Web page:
- December 8, 2011
- By Staff, Baptist Standard
By Al Mohler saying you must believe in the Virgin Birth to be a Christian, he's saying John 3:16 is false.
Jesus saves, but Mohler takes away? Good grief! Has "theological consequences" become his God?
Will he take salvation away if one does not believe "once saved, always saved"?
He favored the 2000 Baptist Faith & Message changing "priesthood of the believer" to "priesthood of the believers" because without the "S" it gave too much freedom to the individual.
Sounds like Mohler is still building walls to keep sin out but makes prisoners within.
Meaning of Christmas?
What is the true meaning of Christmas?
The Jewish people looked for a Messiah like King David. They sought a powerful leader who would take down their enemies, make Jerusalem Jewish again and die a mortal death, as all humans do. The Scriptures promised them a Savior, and they anticipated his arrival.
What they got was not what they expected. Instead of a physical warrior who would defeat the Romans, they got a spiritual warrior who, instead of turning his eyes upon their enemies, turned his eyes upon their relationship to God—particularly the laws they had expanded to make life miserable and then the artful and deceitful ways they had of getting around those laws. Read Matthew 23 to see what Jesus had to say about their spiritual condition.
Jesus came to free us from the rigmarole man had bound God with. All those laws didn't mean anything, because man had found ways to get around them. Jesus told them to love God with all their heart, and to love their fellowman.
When love is the motivator, our worship of God and helping our fellowman will take on a different meaning. We will feed the hungry, help the poor, heal the sick, treat others as we want to be treated, give the Good News to everyone.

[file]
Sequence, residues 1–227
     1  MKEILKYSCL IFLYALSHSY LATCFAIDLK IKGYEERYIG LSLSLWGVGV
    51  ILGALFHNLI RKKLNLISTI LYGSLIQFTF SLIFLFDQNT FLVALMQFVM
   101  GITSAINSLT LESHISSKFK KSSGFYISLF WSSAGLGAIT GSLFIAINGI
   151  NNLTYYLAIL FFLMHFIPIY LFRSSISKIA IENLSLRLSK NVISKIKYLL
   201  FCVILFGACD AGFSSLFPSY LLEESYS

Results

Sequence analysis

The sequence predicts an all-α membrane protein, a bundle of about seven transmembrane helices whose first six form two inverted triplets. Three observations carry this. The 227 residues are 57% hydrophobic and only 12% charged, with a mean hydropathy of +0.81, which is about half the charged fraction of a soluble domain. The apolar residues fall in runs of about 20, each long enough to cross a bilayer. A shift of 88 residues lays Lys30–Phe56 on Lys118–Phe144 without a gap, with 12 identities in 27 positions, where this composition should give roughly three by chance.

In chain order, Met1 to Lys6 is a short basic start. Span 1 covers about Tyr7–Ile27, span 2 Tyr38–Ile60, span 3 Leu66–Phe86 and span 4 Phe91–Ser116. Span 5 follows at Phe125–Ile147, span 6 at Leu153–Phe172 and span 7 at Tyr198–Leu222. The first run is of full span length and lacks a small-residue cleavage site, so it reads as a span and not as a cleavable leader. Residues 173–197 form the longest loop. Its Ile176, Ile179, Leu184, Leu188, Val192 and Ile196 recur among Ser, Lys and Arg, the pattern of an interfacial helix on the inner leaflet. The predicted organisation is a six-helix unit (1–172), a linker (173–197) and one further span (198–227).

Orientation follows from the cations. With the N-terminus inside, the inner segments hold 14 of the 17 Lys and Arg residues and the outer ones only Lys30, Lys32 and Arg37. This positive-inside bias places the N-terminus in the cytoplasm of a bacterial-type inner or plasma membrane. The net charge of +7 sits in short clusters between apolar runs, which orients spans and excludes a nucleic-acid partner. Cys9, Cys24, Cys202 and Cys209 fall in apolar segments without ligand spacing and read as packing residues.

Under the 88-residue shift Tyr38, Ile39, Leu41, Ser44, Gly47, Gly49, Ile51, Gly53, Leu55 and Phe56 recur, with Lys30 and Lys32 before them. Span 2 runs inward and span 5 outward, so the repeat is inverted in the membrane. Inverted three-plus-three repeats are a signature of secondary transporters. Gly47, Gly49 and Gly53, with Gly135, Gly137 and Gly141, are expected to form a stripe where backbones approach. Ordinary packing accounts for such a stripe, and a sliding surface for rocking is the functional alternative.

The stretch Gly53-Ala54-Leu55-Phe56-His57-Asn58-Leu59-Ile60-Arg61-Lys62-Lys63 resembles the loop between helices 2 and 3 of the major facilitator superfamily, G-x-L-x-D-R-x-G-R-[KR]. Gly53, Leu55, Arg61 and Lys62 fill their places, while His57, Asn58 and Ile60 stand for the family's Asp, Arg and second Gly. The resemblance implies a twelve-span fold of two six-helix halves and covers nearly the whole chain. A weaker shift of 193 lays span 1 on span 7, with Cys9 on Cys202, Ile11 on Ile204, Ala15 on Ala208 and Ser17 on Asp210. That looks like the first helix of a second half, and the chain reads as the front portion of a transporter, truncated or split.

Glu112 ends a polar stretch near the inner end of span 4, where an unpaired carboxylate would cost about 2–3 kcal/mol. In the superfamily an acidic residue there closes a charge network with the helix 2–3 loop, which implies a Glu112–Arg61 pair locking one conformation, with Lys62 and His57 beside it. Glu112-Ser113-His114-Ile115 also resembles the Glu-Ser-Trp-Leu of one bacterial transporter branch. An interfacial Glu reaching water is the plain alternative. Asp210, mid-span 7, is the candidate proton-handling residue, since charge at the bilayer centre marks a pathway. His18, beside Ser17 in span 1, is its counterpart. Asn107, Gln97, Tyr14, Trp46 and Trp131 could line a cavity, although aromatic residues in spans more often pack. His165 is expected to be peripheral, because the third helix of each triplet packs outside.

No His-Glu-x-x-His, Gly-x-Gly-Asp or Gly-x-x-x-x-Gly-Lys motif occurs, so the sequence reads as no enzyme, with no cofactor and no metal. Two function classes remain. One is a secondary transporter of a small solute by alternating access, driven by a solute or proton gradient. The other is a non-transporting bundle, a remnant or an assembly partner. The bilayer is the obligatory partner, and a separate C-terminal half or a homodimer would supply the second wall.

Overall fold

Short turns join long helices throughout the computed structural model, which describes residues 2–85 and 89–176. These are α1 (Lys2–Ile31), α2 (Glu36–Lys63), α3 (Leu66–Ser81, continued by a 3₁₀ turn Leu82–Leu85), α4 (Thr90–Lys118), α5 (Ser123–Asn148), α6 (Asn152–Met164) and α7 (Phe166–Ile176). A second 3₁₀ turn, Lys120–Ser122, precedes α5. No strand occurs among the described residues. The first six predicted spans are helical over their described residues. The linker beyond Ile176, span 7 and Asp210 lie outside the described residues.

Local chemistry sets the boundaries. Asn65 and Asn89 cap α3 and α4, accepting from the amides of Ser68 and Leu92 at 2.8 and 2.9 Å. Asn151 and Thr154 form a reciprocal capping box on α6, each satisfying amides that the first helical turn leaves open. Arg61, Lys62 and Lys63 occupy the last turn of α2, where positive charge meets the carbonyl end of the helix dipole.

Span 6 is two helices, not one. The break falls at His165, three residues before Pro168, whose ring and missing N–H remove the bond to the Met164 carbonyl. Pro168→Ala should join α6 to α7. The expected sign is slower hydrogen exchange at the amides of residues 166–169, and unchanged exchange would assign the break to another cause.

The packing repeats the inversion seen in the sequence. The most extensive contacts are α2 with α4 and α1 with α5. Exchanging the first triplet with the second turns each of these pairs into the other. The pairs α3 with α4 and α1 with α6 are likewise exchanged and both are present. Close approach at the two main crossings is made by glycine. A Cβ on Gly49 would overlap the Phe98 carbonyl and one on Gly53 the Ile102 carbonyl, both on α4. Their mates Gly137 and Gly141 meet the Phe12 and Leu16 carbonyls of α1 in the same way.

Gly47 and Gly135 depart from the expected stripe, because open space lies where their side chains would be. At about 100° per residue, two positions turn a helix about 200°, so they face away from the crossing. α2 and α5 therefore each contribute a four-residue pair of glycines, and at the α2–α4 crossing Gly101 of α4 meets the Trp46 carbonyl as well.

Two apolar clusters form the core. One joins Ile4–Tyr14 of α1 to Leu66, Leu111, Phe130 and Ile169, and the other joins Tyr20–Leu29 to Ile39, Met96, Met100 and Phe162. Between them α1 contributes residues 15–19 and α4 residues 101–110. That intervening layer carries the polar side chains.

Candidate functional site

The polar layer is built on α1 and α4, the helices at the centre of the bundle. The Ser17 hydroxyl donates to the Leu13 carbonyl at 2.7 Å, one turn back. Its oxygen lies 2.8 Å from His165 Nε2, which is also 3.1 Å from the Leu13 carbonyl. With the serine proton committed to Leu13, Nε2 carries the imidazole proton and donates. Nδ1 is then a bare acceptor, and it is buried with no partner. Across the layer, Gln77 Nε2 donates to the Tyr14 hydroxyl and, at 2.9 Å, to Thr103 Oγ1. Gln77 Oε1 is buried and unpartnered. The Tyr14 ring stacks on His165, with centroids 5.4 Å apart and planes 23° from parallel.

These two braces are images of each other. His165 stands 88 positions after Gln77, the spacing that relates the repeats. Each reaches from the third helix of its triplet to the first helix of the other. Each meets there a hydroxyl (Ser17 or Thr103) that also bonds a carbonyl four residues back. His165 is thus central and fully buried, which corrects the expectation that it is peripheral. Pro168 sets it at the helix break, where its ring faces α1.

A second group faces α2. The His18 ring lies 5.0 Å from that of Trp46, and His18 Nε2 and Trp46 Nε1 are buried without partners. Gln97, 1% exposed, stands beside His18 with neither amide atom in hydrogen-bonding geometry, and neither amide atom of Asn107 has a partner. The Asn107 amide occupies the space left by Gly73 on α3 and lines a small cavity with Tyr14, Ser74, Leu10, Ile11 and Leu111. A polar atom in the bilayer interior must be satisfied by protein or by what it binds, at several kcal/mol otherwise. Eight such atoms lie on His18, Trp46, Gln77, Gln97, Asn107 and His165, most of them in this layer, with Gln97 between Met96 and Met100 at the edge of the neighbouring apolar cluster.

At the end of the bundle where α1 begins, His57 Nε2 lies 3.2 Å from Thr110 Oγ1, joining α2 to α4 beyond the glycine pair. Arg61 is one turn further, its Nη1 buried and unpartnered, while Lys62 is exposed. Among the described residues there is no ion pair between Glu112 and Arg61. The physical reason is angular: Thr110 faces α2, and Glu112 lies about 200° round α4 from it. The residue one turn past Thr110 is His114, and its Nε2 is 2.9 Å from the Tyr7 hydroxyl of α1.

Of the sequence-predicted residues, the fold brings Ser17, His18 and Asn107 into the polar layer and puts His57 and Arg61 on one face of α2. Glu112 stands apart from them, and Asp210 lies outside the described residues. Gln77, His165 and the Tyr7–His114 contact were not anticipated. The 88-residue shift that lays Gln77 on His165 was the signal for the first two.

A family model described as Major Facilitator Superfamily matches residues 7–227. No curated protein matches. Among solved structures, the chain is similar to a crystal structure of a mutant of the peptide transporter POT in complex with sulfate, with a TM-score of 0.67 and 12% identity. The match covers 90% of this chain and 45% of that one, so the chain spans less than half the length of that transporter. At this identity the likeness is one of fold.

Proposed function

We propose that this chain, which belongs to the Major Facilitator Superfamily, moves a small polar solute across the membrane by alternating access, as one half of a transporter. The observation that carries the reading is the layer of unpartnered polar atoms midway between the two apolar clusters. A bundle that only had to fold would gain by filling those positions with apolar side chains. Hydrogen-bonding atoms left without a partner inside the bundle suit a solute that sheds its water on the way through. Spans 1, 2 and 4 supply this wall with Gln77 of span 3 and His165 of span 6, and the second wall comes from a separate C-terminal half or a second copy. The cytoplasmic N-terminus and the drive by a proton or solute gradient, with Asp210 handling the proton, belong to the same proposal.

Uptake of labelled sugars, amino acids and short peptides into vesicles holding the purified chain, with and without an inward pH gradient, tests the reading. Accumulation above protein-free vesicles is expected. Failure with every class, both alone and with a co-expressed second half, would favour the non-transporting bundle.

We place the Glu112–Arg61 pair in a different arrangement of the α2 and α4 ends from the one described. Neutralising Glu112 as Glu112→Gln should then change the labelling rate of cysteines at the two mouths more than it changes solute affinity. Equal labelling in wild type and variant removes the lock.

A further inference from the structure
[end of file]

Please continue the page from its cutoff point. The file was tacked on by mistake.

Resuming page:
We still want to make laws, especially laws about what women can and cannot do. I wonder if Jesus would have turned his eyes upon us.
SBC & Calvinism
I find it ironic that the Southern Baptist Convention fears the influence of Calvinism in its churches. The ironic part is that this very denomination's heritage is distinctly Calvinistic.
The 1742 Philadelphia Confession of Faith is rooted in solid biblical truth. Some may call it Calvinism; however, the greatest Baptist preacher who ever lived, Charles Haddon Spurgeon, called it the gospel.
Many parts of my denomination have been led astray by the flawed teaching of Armenianism and dispensational theology; however, it is encouraging to see truth is making a comeback—Christian by the sovereign grace of God alone, lest any man should boast.
Cooperate for missions
Clayton Bond, a retired missionary in our church, tells the story of reaching an unreached tribe in West Africa. The missionaries knew of the tribe through traders and prayed for them and the opportunity to reach them. The day came when they were impressed to go and at the last minute, decided to go in the red vehicle of another missionary, who was not a Baptist.
When they arrived, they were welcomed with great excitement and enthusiasm. The whole tribe, starting with the chief, accepted Christ, and several new churches were established. Curious about the openness of the tribe, they later learned that embedded in their history was the legend that one day men would arrive in the red bug—a particular red insect in their area—and bring them good news. The red vehicle was the same color as the red bug.
I wonder if the Baptist General Convention of Texas would be willing to see, embrace and join with our friends at the Southern Baptists of Texas Convention in the vision to reach 1,000 unengaged people groups in our world with the gospel of Jesus Christ.
Both state conventions support the International Mission Board, which will help us with resources and training. What a vision—the BGCT and the SBTC joining together to reach 1,000 unengaged people groups.
Imagine that! Why not?
Where are women?
Interesting to open the convention issue of the Standard (Oct. 31) and see almost every article and picture were of Baptist men posing with arms held toward heaven espousing their next thought. Oh, sure, there were a couple of ads with cute women in them, and a picture of a woman doing "WMU" work, but where are our powerful, enlightened and godly women?
We do have them, don't we? Or are they serving in the background somewhere?
I am disappointed, but not surprised, by the backward posturing. Come to the light and see that what God has made is good, and you call her woman, and she has intelligence, understanding and love in her heart and can walk beside a man as God intended and preach and teach and inform just as well and sometimes better than a man.
Don't ever limit God in who he can use in his world.
Pat N. Bowlin